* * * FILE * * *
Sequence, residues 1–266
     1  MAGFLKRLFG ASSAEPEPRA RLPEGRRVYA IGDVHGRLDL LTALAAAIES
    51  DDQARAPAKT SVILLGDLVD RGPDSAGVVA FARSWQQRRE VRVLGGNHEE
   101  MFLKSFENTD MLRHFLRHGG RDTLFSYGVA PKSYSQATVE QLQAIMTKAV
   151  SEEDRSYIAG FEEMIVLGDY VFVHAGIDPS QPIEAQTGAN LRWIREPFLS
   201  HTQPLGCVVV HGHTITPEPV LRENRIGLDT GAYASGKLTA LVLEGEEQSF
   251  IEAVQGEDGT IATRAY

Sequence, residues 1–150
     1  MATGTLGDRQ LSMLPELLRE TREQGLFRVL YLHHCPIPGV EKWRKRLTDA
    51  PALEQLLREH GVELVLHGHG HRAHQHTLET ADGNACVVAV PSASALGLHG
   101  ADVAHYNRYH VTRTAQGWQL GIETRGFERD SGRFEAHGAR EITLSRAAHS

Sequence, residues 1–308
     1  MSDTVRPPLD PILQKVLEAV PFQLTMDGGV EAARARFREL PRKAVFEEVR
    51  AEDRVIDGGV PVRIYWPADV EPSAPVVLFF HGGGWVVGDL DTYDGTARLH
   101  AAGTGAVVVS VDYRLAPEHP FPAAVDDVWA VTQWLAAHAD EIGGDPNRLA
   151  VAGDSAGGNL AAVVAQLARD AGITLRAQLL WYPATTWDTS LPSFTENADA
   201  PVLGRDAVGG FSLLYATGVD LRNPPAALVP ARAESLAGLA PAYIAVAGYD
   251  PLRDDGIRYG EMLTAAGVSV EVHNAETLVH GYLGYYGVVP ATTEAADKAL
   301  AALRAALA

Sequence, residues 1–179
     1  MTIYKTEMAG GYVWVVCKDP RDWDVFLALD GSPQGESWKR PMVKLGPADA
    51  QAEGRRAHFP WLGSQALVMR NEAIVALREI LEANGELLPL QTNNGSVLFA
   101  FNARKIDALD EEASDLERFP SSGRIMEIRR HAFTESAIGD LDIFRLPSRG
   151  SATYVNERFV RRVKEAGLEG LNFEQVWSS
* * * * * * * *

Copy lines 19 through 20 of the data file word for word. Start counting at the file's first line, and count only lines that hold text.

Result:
   301  AALRAALA

Sequence, residues 1–179